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The game's relatively unusual "Build & Battle" system -- allowing players to literally drop strategic buildings and vehicles on to the playfield in real time -- provides what Sutphin describes as an "interesting challenge" for the design team.
"With a traditional shooter there's a lot of reference out there. We can grab a lot of the top triple-A games right now, and play them, and take all this information about what works and what doesn't -- but there's not a lot of games out there doing the Build & Battle kind of thing," he says. "So we've devoted a lot of time to doing a lot of prototypes, trying out a lot of different directions. We've steered all over the place with Build & Battle to bring it to the point where we're at now."
"We've learned a lot, for example, from playing in multiplayer where everybody's just doing a lot of weird shit with the buildings, and we're like, 'Hey, that was actually fun,'" he says. The team then takes that information and feeds it back to enhance the single player component. But what about the inverse? What has single player taught multiplayer?
"The visual language, mostly," says Sutphin. "We did a lot of work, for example, to focus the player's attention as we're going through the mission -- focusing the player's attention on where the enemy's coming in and where the objectives are. And some of the same visual language rolls over into multiplayer. That cross-pollination is really effective."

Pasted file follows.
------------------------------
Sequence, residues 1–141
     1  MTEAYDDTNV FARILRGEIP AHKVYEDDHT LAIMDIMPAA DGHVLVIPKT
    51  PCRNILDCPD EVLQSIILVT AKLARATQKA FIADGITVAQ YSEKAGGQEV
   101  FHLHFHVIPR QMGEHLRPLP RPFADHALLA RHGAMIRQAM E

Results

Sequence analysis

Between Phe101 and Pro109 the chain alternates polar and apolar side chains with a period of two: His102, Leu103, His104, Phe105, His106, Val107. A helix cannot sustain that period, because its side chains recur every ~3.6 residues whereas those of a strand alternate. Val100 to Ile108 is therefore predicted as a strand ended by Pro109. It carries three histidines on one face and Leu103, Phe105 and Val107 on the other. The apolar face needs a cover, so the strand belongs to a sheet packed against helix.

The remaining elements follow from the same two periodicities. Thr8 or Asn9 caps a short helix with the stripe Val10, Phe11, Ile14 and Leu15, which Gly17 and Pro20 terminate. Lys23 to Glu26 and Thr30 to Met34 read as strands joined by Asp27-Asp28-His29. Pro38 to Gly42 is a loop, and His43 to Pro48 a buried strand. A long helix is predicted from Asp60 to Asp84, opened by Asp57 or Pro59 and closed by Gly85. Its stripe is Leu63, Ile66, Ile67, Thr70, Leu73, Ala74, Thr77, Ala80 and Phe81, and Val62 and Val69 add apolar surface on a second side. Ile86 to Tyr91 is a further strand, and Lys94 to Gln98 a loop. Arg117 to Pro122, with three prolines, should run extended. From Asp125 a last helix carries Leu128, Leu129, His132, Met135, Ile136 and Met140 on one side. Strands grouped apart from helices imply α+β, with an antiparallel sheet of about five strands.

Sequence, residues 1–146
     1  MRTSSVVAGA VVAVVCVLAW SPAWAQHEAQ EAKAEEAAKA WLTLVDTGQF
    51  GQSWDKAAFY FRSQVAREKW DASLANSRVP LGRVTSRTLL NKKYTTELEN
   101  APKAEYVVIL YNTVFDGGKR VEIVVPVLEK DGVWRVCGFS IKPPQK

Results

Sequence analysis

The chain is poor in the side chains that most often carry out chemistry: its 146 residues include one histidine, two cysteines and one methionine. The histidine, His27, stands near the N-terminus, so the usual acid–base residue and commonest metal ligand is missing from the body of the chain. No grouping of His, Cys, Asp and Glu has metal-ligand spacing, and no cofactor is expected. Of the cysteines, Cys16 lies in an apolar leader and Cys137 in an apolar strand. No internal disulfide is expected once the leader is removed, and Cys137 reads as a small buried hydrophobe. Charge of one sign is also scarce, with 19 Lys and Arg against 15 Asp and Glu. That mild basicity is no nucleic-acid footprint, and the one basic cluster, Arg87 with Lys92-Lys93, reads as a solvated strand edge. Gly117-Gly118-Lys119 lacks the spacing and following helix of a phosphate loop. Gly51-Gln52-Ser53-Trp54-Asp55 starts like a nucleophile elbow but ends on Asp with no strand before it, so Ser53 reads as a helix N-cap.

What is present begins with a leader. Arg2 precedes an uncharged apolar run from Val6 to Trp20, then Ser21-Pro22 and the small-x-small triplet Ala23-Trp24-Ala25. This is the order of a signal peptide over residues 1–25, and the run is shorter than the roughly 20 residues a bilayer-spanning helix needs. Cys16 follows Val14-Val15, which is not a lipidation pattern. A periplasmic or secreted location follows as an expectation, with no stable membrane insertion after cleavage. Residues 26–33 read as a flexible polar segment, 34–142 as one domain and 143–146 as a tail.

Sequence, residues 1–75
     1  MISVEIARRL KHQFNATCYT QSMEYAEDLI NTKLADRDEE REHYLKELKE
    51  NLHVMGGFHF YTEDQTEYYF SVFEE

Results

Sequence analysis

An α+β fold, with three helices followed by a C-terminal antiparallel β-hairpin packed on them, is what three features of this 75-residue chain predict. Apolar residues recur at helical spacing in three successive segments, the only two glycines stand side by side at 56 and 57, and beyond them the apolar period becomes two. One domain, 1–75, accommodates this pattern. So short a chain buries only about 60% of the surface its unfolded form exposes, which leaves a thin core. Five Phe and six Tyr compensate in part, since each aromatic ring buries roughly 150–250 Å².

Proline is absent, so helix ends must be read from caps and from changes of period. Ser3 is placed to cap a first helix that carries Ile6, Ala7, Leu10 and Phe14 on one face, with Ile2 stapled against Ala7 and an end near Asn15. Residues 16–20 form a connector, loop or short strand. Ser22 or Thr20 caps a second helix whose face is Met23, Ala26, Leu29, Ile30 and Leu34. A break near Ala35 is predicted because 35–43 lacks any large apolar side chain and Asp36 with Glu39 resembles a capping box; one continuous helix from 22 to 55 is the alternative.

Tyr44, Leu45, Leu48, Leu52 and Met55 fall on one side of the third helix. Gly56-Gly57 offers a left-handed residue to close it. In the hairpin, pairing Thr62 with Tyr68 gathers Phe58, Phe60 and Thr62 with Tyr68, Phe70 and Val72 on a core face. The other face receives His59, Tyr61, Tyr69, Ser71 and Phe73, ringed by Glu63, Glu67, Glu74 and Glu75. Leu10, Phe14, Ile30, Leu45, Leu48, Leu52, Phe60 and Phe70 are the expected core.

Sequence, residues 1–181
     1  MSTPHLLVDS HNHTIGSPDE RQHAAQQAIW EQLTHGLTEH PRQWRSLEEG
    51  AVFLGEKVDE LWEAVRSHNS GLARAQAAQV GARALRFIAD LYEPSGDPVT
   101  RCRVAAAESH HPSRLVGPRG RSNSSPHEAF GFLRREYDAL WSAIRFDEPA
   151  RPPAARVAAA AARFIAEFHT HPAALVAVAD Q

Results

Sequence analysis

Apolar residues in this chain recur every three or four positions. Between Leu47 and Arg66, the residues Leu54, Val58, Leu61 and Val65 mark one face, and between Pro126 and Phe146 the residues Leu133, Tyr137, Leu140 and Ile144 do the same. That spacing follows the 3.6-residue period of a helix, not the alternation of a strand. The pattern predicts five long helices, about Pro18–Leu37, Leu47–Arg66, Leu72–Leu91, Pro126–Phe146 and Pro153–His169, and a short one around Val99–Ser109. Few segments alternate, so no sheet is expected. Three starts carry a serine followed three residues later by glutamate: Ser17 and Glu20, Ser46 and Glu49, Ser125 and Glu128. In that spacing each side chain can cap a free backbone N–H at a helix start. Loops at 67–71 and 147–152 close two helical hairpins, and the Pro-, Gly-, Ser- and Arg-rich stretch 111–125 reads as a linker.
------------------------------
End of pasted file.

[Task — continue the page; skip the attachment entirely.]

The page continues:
The biggest design challenge so far, says Sutphin, has been in balancing the three combat types -- up to 32 simultaneous players might be running around on foot, driving around a ground vehicle, or piloting an aircraft in the same frantic scenario.
"You have a huge scale difference across those three, and you have a huge speed difference across those three," he says. "When I'm the dude on the ground running around, I'm running relatively slowly. I care about things like the rock I'm going to hide behind, the doorway I'm going to go through... things on this scale. When I'm in a tank, that one rock, I drive over that. I'm not even thinking about it. Now I really care about the building that's in my way. I care about the big hill that I have to crest to get to the enemy base.
"And then when I'm in the Hawk and I'm flying around, I don't care about that stuff as much, because I'm looking at the whole battlefield stretched out underneath me. I'm looking for optimal strafing and bombing runs, right? I'm looking for a spot to land and start messing up an enemy base. I'm moving across the map in a Hawk in fifteen seconds, whereas on foot if I'm running it's going to take me a minute and a half, and so that's always kind of tricky."
There a lot of effort going into Starhawk. Certainly, it adds up to the triple-A level studio that Jobe hoped for, but it puts the design team at an interesting crossroads, with keeping its "indie" mentality in the face of developing a rather complex first-party Sony game.
"I don't know that we're seen yet as the faceless, corporate triple-A kind of thing, but it is kind of interesting the position we find ourselves in where we are kind of halfway between the two," says Sutphin.
Starhawk ships for the PlayStation 3 in 2012. With any luck, Sutphin and his pals will still be hanging out with the Juegos Rancheros crew well past then.